In the fall of 1949 the couple were overjoyed when they found out Evelyn was expecting, but their joy soon turned to sorrow when Evelyn miscarried. Art would always recall that day as the worst day of his life, prior to the death of his wife. Imagine their overwhelming happiness when they welcomed their daughter, Nadine, in 1951, her birth was a true blessing as they were informed that they could not have any more children. She was the light of her parents’ lives and as a father, Art was second to none. Art often said that he wouldn’t trade his one daughter for 12 sons. Art supported Nadine in everything she did, like driving her and a friend to C.Y.O./high school dances at over 50 parishes. He valued education especially a Catholic one, and shared he wanted to be an attorney if he had been given the opportunity. He became an avid fan of law shows such as Perry Mason, Matlock and Law and Order, sparking his granddaughter’s interest in the law. Art was also a student of life who immersed himself in reading including the daily newspaper from front to back and always following legal stories. Nadine always saw her father as the most intelligent man she ever knew and throughout her life she as well as other family and friends turned to him for guidance and advice. While he gave advice he always required individuals to “make your own decision.” When grandchildren came along, Art couldn’t have been happier, for he was not just a grandpa to them but also like a father. Dziadzia taught them how to ride bikes, drive, play checkers, play baseball, feed the ducks and watch the planes at the airport. He was always there for his grandchildren whether it was driving or picking them up from school, giving driving pointers to even the most experienced drivers, making his special silver dollar pancakes or made-to-order eggs, or bailing his grandson out of hot water from time to time.
In order to support his family, Art worked at Pittsburgh Paint and Glass, later known as PPG Industries. He started out as paint filler, then became a labeler, and finally retired as a supervisor in the shipping department. Art enjoyed his time at “The Pitt” and could usually be heard whistling “Some Enchanted Evening.” After he retired he helped plan and regularly attended retiree meetings until his health no longer allowed.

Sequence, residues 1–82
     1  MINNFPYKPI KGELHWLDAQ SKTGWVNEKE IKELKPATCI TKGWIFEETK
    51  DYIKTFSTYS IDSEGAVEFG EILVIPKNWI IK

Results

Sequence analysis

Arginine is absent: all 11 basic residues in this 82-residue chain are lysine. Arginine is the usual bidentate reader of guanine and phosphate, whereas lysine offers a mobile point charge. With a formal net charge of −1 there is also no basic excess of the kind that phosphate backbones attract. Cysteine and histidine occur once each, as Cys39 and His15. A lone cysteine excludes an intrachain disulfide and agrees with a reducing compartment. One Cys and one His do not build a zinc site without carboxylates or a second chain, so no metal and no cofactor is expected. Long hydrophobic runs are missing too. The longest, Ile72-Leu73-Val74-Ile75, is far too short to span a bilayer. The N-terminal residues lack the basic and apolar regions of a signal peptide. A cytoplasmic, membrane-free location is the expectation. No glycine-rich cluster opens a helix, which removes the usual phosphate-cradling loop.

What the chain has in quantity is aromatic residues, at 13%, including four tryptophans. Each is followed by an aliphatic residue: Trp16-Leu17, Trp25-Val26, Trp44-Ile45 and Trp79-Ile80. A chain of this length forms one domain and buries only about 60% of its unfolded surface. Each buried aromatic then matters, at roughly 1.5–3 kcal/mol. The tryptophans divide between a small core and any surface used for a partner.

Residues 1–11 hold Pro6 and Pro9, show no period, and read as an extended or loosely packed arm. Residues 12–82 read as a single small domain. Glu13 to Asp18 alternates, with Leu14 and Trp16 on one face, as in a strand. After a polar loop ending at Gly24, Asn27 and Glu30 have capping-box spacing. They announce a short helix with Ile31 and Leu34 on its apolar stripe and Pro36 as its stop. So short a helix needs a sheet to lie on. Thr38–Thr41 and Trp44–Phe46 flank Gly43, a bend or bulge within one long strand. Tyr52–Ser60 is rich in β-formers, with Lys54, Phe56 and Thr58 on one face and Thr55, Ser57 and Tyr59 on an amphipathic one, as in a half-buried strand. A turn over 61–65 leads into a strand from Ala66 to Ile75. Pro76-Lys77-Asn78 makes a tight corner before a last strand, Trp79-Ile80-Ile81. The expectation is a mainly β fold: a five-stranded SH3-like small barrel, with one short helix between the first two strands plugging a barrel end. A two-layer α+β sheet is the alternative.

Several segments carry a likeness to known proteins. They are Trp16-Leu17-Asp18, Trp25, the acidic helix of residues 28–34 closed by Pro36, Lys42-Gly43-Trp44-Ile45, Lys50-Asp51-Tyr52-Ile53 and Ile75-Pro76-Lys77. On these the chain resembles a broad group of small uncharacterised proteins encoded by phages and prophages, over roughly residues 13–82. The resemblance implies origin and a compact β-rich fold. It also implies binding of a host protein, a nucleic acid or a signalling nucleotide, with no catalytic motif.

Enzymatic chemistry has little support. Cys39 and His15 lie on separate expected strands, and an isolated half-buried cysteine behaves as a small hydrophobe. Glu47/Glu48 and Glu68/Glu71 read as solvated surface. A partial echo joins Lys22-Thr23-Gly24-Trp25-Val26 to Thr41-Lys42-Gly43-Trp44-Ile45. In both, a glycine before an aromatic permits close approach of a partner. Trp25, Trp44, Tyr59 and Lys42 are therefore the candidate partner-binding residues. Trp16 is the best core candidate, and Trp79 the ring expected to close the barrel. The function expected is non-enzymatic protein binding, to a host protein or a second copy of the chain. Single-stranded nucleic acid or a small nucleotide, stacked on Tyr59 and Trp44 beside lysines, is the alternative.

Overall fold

There were so many things Art enjoyed throughout his life. He was a sports fan who cheered on the Green Bay Packers, the Milwaukee Brewers and his grandchildren’s teams. His love for baseball started in his youth; Art was an extremely talented baseball player and could have played professionally in the minor leagues. His green thumb covered all aspects of gardening whether it was indoors or outdoors, and he even had contests with his grandchildren to see who grew the first tomato of the season.. Of course, Art was always the winner.
A man who lived his life based on moral principles and sound moral convictions, Arthur Murawski was an extraordinary man who greatly enriched the lives of those around him. He was punctual, hard-working, and meticulous. He was financially generous and never expected repayment, providing the tuition for Nadine’s final year of college even though she was married. He provided tuition payments for his grandchildren’s tuition when Tom was laid off and helped them with their college education. He helped pay for health insurance for Nadine and Tom’s family when Tom was laid off. He also helped Nadine and Tom with a down payment for their home. Art cherished his “Sweetie” Evelyn , who died June 1, 2011, and although we will miss him deeply, we find comfort in knowing that his time without his true companion was brief. The memories Art leaves behind will remain forever near and dear to the hearts of many.
Arthur S. Murawski died on June 23, 2011. Art’s family includes his daughter, Nadine (Thomas) Flemming, grandchildren, Devon, Denna, Creston, and Darla; siblings, Florence Erdtmann and Michael (Bonnie) Murawski; and other relatives and friends. Art was preceded in death by his beloved wife, Evelyn. Visitation on Friday, July 1 at the Funeral Home from 4-7 p.m. with a prayer service at 7:00 p.m. Funeral Mass 10:00 a.m. Saturday, July 2 at St. Alphonsus Church – Chapel 5960 W. Loomis Rd. (MEET At CHURCH) Entombment Mt. Olivet Cemetery. Arrangements provided by Suminski LifeStory Funeral Homes, Niemann / Suminski, 2486 S. Kinnickinnic Ave, (414) 744-5156.